But I was not the one to take things lying down. I complained against my editor to Shashi Shekhar, who was stationed in Delhi. I challenged him openly before all of them.

Later, in a fit of anger and emotional outburst, albeit with my eyes on a bigger objective, I quit Amar Ujala. My heart was filled with rage. I wanted to react. Due to the direct and indirect discrimination I was subjected to for years, I was smouldering from the inside. This is how it happened. One night, after work, when I reached my room, I saw on TV scenes of Raj Thackeray’s goons bashing up people from UP and Bihar. I found them disturbing. I decided to register my protest. I did not know whether my protest would have any impact but I did not want to keep quiet. I was dying to protest, I was desperate to shout at the top of my voice. This event gave me an opportunity and I decided to grab it. I went to the editor and told him that I wanted to do this and sought leave. He asked me to resign. I told him that I would not resign and that he could sack me if he wanted to. Then, along with four other students from Aligarh, I started going from one university campus to another for a signature campaign against Raj Thackeray. Prempal Singh and Amit Chaudhary helped me a lot in this venture. I spent around 20 days visiting Aligarh, Lucknow, Banaras (BHU), Gorakhpur, Patna, Meerut and Delhi (DU and JNU). Later, along with around five hundred boys, I took out a protest march from the railway station to Jantar-Mantar in Delhi and submitted a memorandum to the Election Commission and the president.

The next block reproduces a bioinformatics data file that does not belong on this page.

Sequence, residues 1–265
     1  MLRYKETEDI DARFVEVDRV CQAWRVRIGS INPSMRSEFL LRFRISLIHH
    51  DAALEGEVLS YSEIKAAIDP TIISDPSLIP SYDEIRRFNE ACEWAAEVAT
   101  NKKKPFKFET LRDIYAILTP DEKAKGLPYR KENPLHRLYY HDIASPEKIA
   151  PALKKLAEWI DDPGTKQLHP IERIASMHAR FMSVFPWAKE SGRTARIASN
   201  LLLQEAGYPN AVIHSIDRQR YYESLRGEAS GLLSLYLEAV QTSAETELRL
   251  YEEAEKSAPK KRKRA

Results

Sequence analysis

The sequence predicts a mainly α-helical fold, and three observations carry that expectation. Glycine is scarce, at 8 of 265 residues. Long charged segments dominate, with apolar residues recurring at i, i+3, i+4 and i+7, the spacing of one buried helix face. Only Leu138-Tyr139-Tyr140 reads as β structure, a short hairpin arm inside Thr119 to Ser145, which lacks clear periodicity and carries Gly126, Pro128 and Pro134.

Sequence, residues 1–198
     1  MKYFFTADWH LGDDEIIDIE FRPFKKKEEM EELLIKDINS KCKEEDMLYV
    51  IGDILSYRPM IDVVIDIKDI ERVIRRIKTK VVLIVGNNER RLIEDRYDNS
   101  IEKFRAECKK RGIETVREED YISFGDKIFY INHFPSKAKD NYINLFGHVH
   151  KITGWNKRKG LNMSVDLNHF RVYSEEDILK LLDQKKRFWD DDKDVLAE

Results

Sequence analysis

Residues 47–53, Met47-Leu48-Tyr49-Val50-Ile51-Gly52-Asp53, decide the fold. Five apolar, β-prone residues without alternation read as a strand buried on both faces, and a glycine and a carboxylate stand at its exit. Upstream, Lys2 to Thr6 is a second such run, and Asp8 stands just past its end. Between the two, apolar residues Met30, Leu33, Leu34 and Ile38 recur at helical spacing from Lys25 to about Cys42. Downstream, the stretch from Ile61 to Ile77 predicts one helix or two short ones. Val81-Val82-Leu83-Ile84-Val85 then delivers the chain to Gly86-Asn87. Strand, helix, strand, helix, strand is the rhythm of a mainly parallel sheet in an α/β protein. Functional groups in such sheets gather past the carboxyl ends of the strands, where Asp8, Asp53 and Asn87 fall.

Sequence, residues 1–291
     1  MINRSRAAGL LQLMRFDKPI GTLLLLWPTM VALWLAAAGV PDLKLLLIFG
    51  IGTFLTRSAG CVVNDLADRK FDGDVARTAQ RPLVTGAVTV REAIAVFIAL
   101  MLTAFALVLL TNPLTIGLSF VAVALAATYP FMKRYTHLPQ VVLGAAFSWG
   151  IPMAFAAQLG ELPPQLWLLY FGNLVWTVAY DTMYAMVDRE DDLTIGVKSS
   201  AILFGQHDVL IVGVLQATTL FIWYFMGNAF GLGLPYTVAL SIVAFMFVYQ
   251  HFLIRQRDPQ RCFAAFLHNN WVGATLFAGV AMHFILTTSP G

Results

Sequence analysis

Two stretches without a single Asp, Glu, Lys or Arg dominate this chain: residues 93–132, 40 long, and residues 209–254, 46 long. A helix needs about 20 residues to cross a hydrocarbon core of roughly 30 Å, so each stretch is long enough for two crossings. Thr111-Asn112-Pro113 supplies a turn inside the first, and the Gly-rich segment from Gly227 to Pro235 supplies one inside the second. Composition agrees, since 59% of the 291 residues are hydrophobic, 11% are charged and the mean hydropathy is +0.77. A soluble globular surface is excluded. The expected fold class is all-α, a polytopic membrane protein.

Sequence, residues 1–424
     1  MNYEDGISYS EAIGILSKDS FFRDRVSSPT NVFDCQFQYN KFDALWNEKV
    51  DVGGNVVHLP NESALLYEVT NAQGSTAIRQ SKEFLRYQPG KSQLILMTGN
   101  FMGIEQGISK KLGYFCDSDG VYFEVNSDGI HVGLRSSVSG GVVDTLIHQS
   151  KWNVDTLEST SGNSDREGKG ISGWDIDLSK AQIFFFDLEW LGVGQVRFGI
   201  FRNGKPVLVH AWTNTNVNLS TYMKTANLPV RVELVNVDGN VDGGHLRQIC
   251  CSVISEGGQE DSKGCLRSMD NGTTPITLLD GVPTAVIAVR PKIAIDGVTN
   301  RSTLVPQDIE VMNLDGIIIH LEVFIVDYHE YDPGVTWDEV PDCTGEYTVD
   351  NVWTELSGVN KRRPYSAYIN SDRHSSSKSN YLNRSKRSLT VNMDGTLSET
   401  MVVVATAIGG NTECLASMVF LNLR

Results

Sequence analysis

When I launched the signature campaign, a covered it. By then I was acquainted with Yashwant Singh. He was among those who had encouraged me. After this campaign, I left Aligarh and shifted base to Delhi. I was no longer in a mood to join a regular job. I wanted to do something different. I started working for I got the idea for from there. While running, I came in touch with Devpratap Singh, JNU Professor Vivek Kumar and Buddhist thinker Anand ji. My acquaintance with them changed my life. Thus Dalit Dastak came into being.

The website has readers in more than 12 countries. The magazine is also growing fast. This is our thirtieth month of publication and we are already selling upwards of ten thousand copies in 135 districts of 15 states. This is our collective effort and our entire team is working dedicatedly. For us, this is a mission. Our objective is to take the ideology of Babasaheb Ambedkar, Jotiba Phule, Buddha and other Bahujan heroes to the people and to make them aware of the present condition of the Dalit community.

Published in the June 2015 issue of the FORWARD Press magazine